Kenyan elephants risk a slow extinction in a bleak, ever-shrinking “ecological island” in one of the country’s most picturesque and photographed landscapes, according to a government report.
The animals face a grim future as habitat loss is exacerbated by the pandemic’s impact on tourism, which is pushing landowners to sell off areas for development, and a growing trend towards a sedentary lifestyle among the pastoralist Maasai people, says the new 10-year management plan.
Increased and unregulated grazing in the Amboseli national park is destroying plant and animal diversity, aggravating conflicts between humans and wildlife and intensifying the negative effects of climate crisis with flooding and drought.
If nothing is done urgently to secure the ecosystem, the report says, the park risks becoming an “ecological island”, confining the 1,800 elephants that live there into a tight circle of five animals to each square kilometre as opposed to their basic survival threshold of one elephant to every square kilometre.
Amboseli includes the 39,200 hectare national park – one of the most photographed landscapes in Africa, where elephants and other wildlife are framed by the backdrop of Kilimanjaro – and seven group ranches belonging to the Maasai community that cover 506,329 hectares.
It is the constant subdivision of this land into smaller parcels and their possible change of use into commercial ventures that conservationists fear will lead to loss of wildlife dispersal areas and close corridors used by animals to visit adjacent conservation areas, such as Tsavo and Kilimanjaro.
“Isolation of the park from the rest of the ecosystem would have adverse impacts on wildlife populations and tourism in the area. If the park is isolated, there would be less wildlife species diversity, which would necessitate a reduction of elephant numbers, while 15% biomass potential of wildlife in the ranches could be lost,” says the management plan.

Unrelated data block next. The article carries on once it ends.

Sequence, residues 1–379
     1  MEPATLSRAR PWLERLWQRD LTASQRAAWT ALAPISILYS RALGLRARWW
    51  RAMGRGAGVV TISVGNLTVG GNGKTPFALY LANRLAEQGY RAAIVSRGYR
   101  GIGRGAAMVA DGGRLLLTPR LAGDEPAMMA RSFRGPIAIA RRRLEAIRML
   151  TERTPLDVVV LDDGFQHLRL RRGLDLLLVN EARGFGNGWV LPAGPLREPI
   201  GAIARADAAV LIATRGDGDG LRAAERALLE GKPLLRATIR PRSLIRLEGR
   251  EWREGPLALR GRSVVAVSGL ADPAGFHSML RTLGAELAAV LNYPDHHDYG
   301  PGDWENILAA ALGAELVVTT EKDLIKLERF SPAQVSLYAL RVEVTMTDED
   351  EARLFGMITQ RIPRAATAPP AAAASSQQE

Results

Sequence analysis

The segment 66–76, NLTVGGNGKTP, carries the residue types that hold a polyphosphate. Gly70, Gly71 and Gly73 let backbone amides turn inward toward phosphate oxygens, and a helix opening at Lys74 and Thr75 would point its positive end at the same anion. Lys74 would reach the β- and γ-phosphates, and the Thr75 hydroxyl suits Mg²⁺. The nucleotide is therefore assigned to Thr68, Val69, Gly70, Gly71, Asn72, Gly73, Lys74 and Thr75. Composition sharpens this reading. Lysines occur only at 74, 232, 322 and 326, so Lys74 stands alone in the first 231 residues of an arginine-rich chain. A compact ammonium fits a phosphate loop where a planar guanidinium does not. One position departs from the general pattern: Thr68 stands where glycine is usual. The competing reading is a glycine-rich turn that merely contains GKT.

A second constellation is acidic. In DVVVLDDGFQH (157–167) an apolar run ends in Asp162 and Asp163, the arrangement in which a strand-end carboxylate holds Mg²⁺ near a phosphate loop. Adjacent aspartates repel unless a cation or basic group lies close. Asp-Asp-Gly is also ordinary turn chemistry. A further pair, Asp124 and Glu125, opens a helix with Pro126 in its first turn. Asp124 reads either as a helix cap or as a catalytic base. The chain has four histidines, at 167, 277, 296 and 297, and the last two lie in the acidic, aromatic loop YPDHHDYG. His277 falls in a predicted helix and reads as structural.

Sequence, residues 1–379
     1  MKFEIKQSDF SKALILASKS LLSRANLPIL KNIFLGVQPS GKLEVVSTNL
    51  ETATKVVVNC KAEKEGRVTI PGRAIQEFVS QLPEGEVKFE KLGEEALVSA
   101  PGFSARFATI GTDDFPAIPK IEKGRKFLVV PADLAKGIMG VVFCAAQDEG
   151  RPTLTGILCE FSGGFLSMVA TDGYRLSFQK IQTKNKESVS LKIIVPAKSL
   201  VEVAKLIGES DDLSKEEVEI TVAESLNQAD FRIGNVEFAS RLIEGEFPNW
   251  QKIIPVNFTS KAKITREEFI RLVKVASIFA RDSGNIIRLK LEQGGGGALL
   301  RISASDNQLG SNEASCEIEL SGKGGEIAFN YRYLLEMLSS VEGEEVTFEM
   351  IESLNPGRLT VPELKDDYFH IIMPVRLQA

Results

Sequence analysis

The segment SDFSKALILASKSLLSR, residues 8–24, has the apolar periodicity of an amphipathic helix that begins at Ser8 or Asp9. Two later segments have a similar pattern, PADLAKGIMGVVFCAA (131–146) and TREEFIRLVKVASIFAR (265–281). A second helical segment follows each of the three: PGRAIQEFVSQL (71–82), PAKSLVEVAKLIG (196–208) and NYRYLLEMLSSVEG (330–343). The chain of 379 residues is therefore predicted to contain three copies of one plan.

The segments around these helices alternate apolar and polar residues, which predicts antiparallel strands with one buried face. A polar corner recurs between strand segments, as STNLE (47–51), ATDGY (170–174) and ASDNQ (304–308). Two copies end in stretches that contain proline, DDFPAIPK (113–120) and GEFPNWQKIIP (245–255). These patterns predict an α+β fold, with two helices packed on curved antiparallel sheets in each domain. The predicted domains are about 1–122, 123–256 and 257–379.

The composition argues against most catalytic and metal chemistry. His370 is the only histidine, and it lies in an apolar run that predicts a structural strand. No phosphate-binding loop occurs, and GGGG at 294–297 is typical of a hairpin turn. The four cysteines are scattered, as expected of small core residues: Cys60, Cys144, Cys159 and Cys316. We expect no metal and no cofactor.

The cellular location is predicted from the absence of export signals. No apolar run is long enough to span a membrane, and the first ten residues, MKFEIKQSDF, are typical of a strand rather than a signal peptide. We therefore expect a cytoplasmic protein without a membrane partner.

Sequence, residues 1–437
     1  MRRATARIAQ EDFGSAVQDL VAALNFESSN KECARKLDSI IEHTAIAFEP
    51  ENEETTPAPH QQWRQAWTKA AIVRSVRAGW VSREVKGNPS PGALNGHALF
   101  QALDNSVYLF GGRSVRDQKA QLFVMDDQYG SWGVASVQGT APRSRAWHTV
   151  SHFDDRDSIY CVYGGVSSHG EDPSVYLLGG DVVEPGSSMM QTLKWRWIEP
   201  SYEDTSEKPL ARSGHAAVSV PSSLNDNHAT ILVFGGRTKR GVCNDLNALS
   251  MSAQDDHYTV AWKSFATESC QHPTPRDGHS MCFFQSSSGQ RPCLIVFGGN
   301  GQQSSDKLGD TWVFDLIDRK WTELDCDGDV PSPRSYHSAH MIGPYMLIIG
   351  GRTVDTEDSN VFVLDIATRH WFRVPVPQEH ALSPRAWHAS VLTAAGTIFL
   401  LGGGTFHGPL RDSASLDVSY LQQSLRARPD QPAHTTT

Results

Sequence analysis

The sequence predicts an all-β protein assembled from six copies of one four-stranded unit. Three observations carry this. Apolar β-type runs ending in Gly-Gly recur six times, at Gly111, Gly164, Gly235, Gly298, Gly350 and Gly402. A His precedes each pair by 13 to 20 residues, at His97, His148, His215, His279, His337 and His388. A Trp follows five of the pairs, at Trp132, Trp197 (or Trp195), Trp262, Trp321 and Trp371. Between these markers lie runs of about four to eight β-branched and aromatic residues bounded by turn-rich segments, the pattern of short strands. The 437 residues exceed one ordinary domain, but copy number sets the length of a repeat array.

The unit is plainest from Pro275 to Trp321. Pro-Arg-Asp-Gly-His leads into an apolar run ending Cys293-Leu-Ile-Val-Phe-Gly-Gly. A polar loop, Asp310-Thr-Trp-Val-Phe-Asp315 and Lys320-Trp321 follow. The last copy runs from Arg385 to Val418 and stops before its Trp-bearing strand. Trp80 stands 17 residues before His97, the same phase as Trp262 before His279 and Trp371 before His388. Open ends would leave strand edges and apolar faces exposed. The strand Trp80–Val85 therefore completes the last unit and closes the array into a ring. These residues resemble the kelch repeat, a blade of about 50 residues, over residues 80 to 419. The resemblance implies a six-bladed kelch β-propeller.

It is not just the elephants that face imminent danger. Four other inhabitants of Amboseli: the Maasai giraffe, lion, cheetah and hippo are on the International Union for Conservation of Nature (IUCN) Red List of threatened species. Amboseli is also one of the 62 important bird areas (IBAs) in Kenya and a member of Unesco’s global network of biosphere reserves. Of the 503 bird species recorded in the park, 17 are on IUCN’s Red List.
According to the management plan, elephants in Amboseli act to balance the larger ecosystem, boosting the survival of diverse species. For example, the elephants have traditionally used a southern corridor to connect with others on the northern slopes of Kilimanjaro. But it is closing fast as commercial farming increases, with the report warning of “imminent extinction of species”.
“Connecting Amboseli national park and Kilimanjaro forest on the Tanzanian side is a narrow strip of land, the Kitenden Corridor, which allows wildlife movement, and particularly elephant movement, between the two protected areas. The Amboseli populations may act as an important gene pool, particularly for the small population of eland in the moorland and alpine zones of Kilimanjaro, which might be prone to natural extinction if passage through the corridor is blocked,” says the plan.
Jackson Mwato is the executive director of the Amboseli Ecosystem Trust, an umbrella body which is championing the cause of more than 27,000 landowners, but with an eye on sustainability. In February, Mwato brought together conservation officials and landowners to discuss the development of an action plan, a measure they hope will lead to the survival of the wildlife animals and improve Maasai livelihoods.